Ed Miliband may well have been the victim of several implicitly anti-Semitic attacks, but when a friend asked whether a North London Jew (a category into which I fall) could ever become Prime Minister, I was taken aback.
The insinuation here was that THAT had been what was keeping Miliband out of Downing Street - it clearly had nothing to do with his lack of charisma, his constant vilification by the Murdoch press, or the perception that he had stabbed his brother in the back wielding a sword given to him by Len McCluskey. And whilst Simon Amstell is just satirising when he quips that his grandparents lamented his brother’s choice in a non-Jewish girlfriend for fear that ‘their children’s children wouldn’t be able to go to a Jewish school’, which posed the question: ‘then where would they learn paranoia?’, it’s a joke that resurfaced in my memory as I was asked for my opinion. Obviously we must retain our cynicism, but this should not be at the expense of reason and rationality: not every attack on Ed Miliband is a covert attempt to tarnish us Jews.
Attention was drawn to Ed’s background a week before the election, when a Conservative council candidate in Derby dismissed him as “the Jew”. But this particular candidate was probably just about the only person in the country that consciously cared about his background; most of Middle England that voted blue probably had no idea about his heritage. So why did Labour lose, if it wasn’t because Ed’s a Jew? Maybe it had something to do with Lynton Crosby’s ability to feed upon England’s fear of the SNP – a fear that was used to taint Labour, who looked likely to require the SNP’s support. Maybe it was because the Labour front bench was filled with people who were too closely associated with the financial instability under Brown. Or maybe it’s just because Ed Miliband comes across as a pointy-headed intellectual who can think, but can’t manage to successfully eat a bacon sandwich. It’s just God’s way of punishing him for eating non-kosher meat.
That’s not to say that politics and anti-Semitism are worlds apart; they DO coexist, and we must do our all to stamp it out. The Sun’s ‘save our bacon’ election front-page offered puerile references to pigs (a tactic that has long been used to slander Jews) whilst Michael Fallon’s ‘stab in the back’ rhetoric was a little too reminiscent of Nazi propaganda that labeled Jews as traitors. What’s difficult about these surreptitious forms of anti-Semitism is that they lie very much on the subconscious, for both writer and reader.
This does not, however, detract from the tendency to read too much into the attacks thrown at Ed. In November, the Independent published an article titled: ‘Is criticism of Ed Miliband a coded form of anti-Semitism?’, as if to imply that any reference to Ed’s different, weird persona is symptomatic of something more sinister. But Ed Miliband IS weird. Even as a left-wing Jew I consider him a long way from normality - if he doesn’t represent me, I can’t think of many people that he does represent. This article does not amount to paranoia, but there are more severe cases. In a poll conducted by the Campaign Against Anti-Semitism in the light of the tragic events in Paris in which several Jews were murdered, 56% of British Jews that responded believed that anti-Semitism now “echoes of the 1930s” (which is strange, because I don’t remember the coalition government passing any Nuremberg Laws and I probably won’t be sent to a concentration camp). I am not seeking to undermine the very real fears felt by Jews, but we need to be honest with ourselves: we exacerbate our own fears, creating an echo-chamber as we do so.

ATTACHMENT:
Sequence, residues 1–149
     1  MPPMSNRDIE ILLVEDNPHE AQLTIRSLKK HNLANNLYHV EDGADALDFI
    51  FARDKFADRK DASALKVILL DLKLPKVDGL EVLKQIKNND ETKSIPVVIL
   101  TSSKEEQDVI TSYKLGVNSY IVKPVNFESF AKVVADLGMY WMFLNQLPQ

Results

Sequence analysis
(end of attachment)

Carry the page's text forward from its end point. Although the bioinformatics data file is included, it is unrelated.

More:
This over-cynicism manifests itself in quite a strange way: in the denial of our own privilege. One friend, in a tone full of sincerity, suggested that his route into politics might be aided by the fact he would be given special consideration from the fact that he’s a minority. I thought it was a joke. It became less funny when I realised that he was implicitly comparing Jews with underprivileged minorities that are under-represented in politics. Whilst we must be vigilant in the fight against anti-Semitism, we must not allow this to blind ourselves of our own privilege; 24 of 2010’s income of MPs were Jewish (amounting to 3.69% - much higher than our share of 0.4% of the UK’s population), including high-profile figures including John Bercow, Grant Shapps and Margaret Hodge. You might ask whether any of these Jews have a chance of becoming Prime Minister, and the answer would be no. But it’s not because they’re Jewish. It’s because Bercow is so contrary that his own party decided to rid him of his parliamentary vote, whilst the other two find themselves shrouded in controversy too often. Luciana Berger is one to watch for the future, having given notable performances in her role as the Shadow Minister for Public Health, but she lacks the parliamentary experience and high-profile name to make it to the top just yet.
So no, there probably won’t be a Jew leading our country for a while, and I don’t know how long we will have to wait. But it doesn’t really matter, because when a prospective Jewish candidate does emerge, they will be judged on their merit, charisma and experience. Yes, they may be the subject of criticism that is laden with anti-Semitic undertones – but we can be safe in the knowledge that it won’t really harm their prospects. Let’s hold back on the paranoia.